Tranche de vie (ইংরেজী অনুবাদ)

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ইংরেজী অনুবাদইংরেজী
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Slice of life

I was born in a small village
with a most unusual name,
in hedgerow country1, of course.
It's the St Martin2 village.
I was hardly five when I was taken away
with my mother and all my brothers.
My father reckoned there would be a job
in the city where the Seine flows3
 
(refrain)
After so many years
I'm still stuck wondering
whether life is worth it, you see,
and, in short, what use it is to be born
 
The capital is well and good,
'specially when seen from Passy4,
but from Nanterre or Charenton
it looks a lot less pleasant.
I can easily figure
what my father experienced
since I went through the same annoying mess
only fifteen years later.
 
(chorus)
 
In the morning you're stuck
queueing for a crappy job,
in the afternoon you try to excite
the pity of charitable old bags
My mother was all at sea,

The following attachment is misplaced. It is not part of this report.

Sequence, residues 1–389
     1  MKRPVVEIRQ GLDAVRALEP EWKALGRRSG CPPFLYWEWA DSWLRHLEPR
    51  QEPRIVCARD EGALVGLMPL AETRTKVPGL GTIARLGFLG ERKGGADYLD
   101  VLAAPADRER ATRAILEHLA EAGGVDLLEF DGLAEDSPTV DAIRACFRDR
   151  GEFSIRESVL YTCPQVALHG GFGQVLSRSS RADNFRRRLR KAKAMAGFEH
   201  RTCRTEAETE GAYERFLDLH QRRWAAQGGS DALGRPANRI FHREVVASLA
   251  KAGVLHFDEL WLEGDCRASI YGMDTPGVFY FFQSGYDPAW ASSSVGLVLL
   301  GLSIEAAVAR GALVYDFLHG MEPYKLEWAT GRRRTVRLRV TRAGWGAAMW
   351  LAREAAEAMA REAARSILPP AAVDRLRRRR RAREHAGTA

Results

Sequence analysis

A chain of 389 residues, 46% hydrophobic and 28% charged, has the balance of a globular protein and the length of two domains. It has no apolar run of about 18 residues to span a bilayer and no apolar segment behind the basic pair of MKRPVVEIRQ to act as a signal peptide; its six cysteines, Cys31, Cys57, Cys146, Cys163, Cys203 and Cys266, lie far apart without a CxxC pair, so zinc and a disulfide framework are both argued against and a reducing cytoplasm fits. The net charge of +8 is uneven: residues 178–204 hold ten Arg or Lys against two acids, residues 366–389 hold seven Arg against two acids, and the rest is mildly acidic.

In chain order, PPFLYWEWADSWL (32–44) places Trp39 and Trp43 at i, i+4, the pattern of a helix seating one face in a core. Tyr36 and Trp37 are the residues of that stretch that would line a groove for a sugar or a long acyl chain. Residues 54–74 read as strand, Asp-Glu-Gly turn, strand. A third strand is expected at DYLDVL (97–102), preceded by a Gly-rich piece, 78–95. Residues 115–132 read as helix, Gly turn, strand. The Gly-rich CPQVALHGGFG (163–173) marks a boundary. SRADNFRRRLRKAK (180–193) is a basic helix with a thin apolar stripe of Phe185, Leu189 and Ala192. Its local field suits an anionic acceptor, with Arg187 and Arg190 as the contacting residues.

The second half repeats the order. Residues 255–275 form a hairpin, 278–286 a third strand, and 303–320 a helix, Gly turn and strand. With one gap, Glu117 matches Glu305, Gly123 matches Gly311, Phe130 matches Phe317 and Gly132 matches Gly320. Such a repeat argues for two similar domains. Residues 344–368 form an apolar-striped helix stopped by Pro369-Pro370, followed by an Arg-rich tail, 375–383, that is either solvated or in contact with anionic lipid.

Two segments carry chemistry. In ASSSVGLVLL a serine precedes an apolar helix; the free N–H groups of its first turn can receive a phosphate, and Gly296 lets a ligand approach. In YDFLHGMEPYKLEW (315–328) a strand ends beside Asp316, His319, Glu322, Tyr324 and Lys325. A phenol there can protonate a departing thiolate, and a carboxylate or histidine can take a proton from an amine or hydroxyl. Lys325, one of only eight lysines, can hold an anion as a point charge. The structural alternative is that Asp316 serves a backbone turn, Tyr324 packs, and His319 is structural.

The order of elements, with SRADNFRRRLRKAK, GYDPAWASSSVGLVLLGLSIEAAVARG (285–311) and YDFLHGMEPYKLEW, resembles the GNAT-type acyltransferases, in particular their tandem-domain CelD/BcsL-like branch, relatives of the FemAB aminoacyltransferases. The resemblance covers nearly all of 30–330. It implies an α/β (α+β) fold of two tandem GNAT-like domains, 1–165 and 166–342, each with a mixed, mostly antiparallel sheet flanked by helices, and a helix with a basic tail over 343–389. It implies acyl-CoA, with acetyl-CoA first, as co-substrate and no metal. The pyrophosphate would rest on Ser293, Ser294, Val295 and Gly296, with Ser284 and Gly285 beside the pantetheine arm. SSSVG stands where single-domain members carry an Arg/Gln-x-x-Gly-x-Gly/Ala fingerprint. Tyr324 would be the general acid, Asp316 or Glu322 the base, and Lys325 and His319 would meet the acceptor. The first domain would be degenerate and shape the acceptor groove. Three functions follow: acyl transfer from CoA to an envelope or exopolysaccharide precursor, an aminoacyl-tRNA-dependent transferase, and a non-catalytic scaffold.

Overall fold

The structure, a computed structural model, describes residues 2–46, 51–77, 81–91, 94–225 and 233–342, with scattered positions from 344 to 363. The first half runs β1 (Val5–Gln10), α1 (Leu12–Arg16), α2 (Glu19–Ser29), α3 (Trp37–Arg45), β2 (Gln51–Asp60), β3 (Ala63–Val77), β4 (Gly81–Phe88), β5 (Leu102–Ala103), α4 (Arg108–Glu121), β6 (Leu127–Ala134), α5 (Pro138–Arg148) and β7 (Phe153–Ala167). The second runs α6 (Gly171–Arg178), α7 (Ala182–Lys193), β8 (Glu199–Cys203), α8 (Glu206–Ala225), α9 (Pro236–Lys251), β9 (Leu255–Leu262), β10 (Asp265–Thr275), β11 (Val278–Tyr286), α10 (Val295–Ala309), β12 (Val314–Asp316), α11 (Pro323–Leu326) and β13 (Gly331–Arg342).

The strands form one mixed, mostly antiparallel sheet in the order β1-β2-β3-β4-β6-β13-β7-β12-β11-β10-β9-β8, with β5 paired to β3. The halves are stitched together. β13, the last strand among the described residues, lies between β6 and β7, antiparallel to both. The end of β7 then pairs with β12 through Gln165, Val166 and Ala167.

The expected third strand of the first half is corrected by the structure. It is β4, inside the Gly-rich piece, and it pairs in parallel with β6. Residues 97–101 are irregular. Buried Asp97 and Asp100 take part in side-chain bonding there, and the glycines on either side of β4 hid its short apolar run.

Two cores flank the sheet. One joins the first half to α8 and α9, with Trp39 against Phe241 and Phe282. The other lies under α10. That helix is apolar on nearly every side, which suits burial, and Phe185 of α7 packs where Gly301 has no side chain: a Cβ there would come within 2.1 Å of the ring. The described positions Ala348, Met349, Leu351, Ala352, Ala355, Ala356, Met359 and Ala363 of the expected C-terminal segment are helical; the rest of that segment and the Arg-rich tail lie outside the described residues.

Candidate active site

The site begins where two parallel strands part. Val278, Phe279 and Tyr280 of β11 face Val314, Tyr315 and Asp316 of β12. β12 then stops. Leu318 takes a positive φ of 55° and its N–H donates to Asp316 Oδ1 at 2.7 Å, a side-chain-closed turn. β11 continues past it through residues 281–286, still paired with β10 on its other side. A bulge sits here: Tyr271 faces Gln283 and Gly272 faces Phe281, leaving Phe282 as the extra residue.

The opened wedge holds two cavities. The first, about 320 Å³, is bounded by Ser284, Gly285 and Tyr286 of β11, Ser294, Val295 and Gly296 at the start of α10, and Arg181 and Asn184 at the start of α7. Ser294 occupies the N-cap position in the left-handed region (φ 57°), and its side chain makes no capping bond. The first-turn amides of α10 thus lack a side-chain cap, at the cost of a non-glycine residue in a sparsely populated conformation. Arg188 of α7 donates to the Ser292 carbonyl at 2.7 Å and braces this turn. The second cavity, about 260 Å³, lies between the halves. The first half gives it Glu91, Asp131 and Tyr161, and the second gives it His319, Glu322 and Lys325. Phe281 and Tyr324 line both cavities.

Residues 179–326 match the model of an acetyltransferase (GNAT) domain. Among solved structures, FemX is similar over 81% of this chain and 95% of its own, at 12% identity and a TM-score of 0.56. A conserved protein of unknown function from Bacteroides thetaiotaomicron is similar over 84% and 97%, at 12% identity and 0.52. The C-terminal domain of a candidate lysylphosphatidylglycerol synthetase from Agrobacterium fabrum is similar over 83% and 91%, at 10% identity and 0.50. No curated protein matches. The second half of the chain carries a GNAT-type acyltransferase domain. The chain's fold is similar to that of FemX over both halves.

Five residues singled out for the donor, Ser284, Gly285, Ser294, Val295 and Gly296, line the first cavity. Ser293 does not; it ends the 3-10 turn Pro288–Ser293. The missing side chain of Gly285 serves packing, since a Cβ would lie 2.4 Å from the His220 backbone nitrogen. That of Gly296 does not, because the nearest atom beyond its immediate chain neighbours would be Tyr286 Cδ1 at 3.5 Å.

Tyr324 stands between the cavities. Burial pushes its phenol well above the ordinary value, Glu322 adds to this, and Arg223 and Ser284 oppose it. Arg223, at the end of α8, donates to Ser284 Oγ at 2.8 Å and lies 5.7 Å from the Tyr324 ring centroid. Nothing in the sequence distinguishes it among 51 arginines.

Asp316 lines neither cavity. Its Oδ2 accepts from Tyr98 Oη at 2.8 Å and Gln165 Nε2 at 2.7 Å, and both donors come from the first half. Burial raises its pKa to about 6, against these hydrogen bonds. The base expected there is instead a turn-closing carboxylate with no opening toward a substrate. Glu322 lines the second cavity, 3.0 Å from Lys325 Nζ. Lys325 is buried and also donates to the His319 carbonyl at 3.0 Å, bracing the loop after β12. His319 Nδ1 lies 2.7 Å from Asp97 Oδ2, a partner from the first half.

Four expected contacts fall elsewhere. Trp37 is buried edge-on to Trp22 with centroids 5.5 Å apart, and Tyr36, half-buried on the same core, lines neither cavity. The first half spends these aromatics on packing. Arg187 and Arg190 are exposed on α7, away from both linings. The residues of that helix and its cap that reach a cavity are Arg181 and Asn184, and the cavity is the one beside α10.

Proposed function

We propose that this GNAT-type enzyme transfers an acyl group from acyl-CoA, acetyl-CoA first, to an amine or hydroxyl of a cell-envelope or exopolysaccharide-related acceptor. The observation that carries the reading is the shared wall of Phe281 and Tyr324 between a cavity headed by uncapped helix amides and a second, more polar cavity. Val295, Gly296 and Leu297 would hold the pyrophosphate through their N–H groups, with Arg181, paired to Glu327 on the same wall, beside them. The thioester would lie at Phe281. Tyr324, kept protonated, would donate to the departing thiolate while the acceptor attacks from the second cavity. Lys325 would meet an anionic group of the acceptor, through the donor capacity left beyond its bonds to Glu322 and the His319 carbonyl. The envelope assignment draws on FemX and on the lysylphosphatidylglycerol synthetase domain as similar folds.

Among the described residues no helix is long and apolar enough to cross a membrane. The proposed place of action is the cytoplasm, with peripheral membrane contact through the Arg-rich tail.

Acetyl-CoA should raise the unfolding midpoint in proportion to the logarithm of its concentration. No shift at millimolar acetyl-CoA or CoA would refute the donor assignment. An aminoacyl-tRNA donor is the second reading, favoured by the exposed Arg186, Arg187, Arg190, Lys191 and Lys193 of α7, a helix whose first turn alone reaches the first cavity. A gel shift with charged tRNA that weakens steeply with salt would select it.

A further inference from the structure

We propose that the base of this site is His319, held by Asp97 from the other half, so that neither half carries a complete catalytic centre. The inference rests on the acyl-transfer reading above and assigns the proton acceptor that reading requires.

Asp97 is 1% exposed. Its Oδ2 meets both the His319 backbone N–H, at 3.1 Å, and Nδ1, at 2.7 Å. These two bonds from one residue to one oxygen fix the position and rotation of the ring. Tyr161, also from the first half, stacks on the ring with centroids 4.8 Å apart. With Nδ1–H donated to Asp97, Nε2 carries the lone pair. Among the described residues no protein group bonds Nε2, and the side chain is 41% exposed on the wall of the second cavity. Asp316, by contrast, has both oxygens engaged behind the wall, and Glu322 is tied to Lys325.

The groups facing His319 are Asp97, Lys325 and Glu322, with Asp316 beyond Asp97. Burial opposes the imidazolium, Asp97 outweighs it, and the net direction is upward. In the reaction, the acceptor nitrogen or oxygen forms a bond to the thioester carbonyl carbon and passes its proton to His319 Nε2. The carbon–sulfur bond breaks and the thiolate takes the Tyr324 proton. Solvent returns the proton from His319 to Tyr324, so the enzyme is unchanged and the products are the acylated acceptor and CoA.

deprived of her rabbits and chicks.
I'd like to see you try filling up
five toddlers' bellies with no money.
 
(chorus)
 
To polish my education
there was5 the concrete primary school.
Lots of pedagogy going on there,
in front of 60 over-playful kids.
Beside the ABC and counting
I got my fill of kicks in the ass.
I also learned Arabic and Portuguese
without anybody asking me to
 
(chorus)
 
The good life ends when you turn 15
Your days as a kid are over.
I ended up with my hands in petrol,
rubbing car spare parts.
10 hours on end in a garage
is quite fulfilling for the youth
and remarkably healthy too.
Makes you very fond of the world.
 
(chorus)
 
There's more to come...
 
When you're not too stupid
you don't gather dust there.
You naturally find a way
to do a less tiring job.
I stepped into a nasty gang
committing misdeeds in the country.
I learned songs of Bruant's
while playing hide and seek6 with the pigs
 
(chorus)
 
Of course the coppers7 grabbed me
soon as I put a foot wrong.
You're one lucky guy,
the FLN needs looking after
I'm off for three years on the firing line
Aurès, Kabylie, Mitidja8
that's enough to take a dislike to the whole of Africa,
but this is what it takes to serve your country.9